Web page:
I attended a genealogy conference in Calgary on the weekend. It was great to connect (and re-connect) with people who share a similar history and interest in their immigrant families. I met up with several people from my 2004 roots tour of Ukraine. It had been life-changing to walk the land of my grandparents, to imagine my mother playing near their windmill and to admire the industrious storks who still prefer the highest points for their huge nests.
Many conference attendees families lived in similar scattered villages of Eastern Europe—including the present-day countries of Russia, Ukraine, Poland, the Czech Republic and Hungary. These ethnic German families endured expropriation, collectivization, famine, war, exile, homelessness—often through Stalin’s terror and/or Hitler’s ambition. Others left earlier and were able to avoid the hellhole that Eastern Europe became in the twentieth century.
Some of these people, like my parents, chose to suppress their memories when they came to Canada. Others, lost touch with extended family members because of the extreme chaos of war. Documents and photographs were destroyed or lost. Family history could not be passed down to the next generation.
Now I have a confession to make. I haven't been overly interested in genealogy. All those dates and the impossible-to-decipher handwriting of old or foreign languages blurs my eyes and mind. I’m more interested in story and in what makes people tick. Genealogy is an incredibly useful tool for exploring the past—but for me, it's not an end in itself.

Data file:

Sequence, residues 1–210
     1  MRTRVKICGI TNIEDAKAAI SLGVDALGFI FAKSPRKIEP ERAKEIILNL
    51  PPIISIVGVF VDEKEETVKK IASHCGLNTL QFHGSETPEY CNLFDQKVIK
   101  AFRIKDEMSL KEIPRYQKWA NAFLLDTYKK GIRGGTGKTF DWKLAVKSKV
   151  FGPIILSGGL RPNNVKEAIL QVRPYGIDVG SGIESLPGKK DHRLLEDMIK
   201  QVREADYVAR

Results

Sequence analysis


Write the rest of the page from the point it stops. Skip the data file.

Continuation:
I very much appreciate the effort that genealogists put into gathering, organizing and translating the documents of the past. The old maps and maze of online data sources shine light on yesterdays otherwise swallowed up by the force of time. Family history is like a puzzle and finding all the pieces is one thing...but putting them into a complete picture...well that's the fun part.
While in Calgary, I attended workshops about East Prussia, about the EWZ files, about the 1930 purges and more. Dave Obee's talk about the Great Terror was especially engaging because my grandfather was arrested and shot in 1937. With enough research, and hopefully some travel, I'll continue to try and morph those dates and names into story. I'm grateful for groups like SGGEE who help me on my journey. These are my people.